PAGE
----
Understanding Bitcoin: The Definitive Pros and Cons List
It has been nine years since bitcoin was released. For many, the first cryptocurrency changed the way we look at money, data, and business in a meaningful and lasting way. For others, bitcoin is a bubble waiting to burst; a fad that will ultimately amount to nothing.
To address this debate, we have decided to create a pro and con list for bitcoin. While we are not trying to influence or convince you in any form of the value of bitcoin, understanding the issues surrounding the cryptocurrency will hopefully make you a better, more informed investor.
It is decentralized.
When bitcoin was introduced, it was sold as being decentralized and anonymous. While the claims of anonymity have fallen by the roadside, bitcoin remains the model of decentralization. With a large market capitalization and with no reserve in perpetual hold by the founder or by a controlling organization, there is no one organization that have asserted control of the coin.
This is not to say that there have no close calls. The Chinese mining company Bitmain currently control 40 percent of bitcoin’s total hashing power and is approaching 51 percent, where it is theoretically possible for Bitmain to create an alternative blockchain which they can use to block transaction confirmations. Prior to this, the mining pool Ghash.io achieved 51 percent control of the total hashing power, but relinquished control voluntarily.
Bitmain is discouraged from engaging in a 51 percent attack as such an attack would bleed confidence from bitcoin, deflating the coin’s price and the value of its block rewards. However, as recent 51 percent attacks on Bitcoin Gold and Bitcoin Cash have demonstrated, the best defense is an engaged, decentralized network where the cost to gain majority control is higher than any profit that can be gained from the attack.
Compare to other cryptocurrencies, it is stable.
As the litany of news reports have shown, it has become fashionable among bitcoin skeptics to speculate when bitcoin will collapse. The short answer to this is that it can’t.
Unlike other cryptocurrencies, bitcoin has inherent value. As the cryptocurrency is not fungible, each coin has its own identity and history. As the proof-of-concept for the cryptocurrency model and for the blockchain concept, the 21 million bitcoin will have value to bitcoin enthusiasts and computer science historians long after the bitcoin market collapse. As a commodity with inherent value, bitcoin will never hit zero worth.
More importantly, bitcoin is the reserve currency for many cryptocurrencies, including Ethereum and Ripple. What this means is that a significant amount of these coins’ value have been converted to bitcoin. While this offered ballast for the coins in their formation, it offers a security blanket for bitcoin now. It is unlikely that these reserve amounts will be sold or moved, offering assurance against the massive sell-off that would be needed to sink the bitcoin market.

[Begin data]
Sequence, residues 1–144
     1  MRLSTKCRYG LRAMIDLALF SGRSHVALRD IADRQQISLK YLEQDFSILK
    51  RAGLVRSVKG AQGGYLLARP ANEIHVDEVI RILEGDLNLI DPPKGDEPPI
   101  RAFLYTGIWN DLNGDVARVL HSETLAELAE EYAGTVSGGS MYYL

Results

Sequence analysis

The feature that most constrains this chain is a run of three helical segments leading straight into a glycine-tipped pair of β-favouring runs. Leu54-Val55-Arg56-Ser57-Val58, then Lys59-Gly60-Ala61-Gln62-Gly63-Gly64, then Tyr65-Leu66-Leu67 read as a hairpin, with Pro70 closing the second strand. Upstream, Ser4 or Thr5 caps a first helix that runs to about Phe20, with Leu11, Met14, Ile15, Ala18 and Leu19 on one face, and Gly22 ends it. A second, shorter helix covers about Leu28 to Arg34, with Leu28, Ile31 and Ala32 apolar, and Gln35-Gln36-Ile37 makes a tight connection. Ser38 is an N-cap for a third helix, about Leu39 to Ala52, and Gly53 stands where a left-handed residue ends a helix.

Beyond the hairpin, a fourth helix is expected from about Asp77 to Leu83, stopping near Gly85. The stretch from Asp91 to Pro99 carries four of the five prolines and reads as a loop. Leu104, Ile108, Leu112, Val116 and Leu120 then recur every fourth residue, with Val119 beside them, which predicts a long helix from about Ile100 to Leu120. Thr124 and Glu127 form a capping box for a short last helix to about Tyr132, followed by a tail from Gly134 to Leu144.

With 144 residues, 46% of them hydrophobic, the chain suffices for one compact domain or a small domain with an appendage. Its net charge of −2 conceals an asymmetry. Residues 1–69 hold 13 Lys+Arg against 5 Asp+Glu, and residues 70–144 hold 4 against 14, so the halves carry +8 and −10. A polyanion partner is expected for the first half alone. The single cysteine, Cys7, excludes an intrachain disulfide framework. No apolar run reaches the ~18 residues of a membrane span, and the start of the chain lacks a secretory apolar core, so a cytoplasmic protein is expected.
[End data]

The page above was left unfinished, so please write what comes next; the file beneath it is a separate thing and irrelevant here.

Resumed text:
While bitcoin is volatile price-wise, it is complicated. A single fail point would not be enough to make bitcoin collapse. There would need to be a cascading failure among several fault lines for bitcoin to theoretically approach its inherent value.
It is widely acknowledged and accepted.
When most people think cryptocurrency, they automatically think of bitcoin. It helps that bitcoin was the most valuable commodity by return-on-investment for two years running. Many would-be investors dreamed of hitting it rich on bitcoin, which helped with its name recognition.
This expanded recognition has encouraged many merchants to accept bitcoin as a payment option. From a merchant’s point-of-view, it is a no-brainer. It is a payment option that has no or low transaction fees, which made it a popular option to credit cards. There are even bitcoin ATMs, bitcoin debit cards, and bitcoin transfer kiosks. It has been documented that it is possible to live and travel on bitcoin, given enough research and preparation.
Many governments on both the local and national level are researching how to allow bitcoin for the payment of government debt. A pilot program is already in place in Florida, where residents can pay their taxes and DMV fees with bitcoin.
It is the reserve currency for most cryptocurrencies.
As mentioned before, many cryptocurrencies’ worth are tied to bitcoin. This is important, as these coins’ success buoy bitcoin. It is not uncommon to see a bitcoin-reserved cryptocurrency’s positive news cause a price rally with bitcoin.
Similarly, price fluctuations with bitcoin tend to be reflected in the bitcoin-reserved cryptocurrencies. This makes bitcoin a “leader currency” which – like the U.S. dollar and the Euro – can create global ripples in the market under the right circumstances.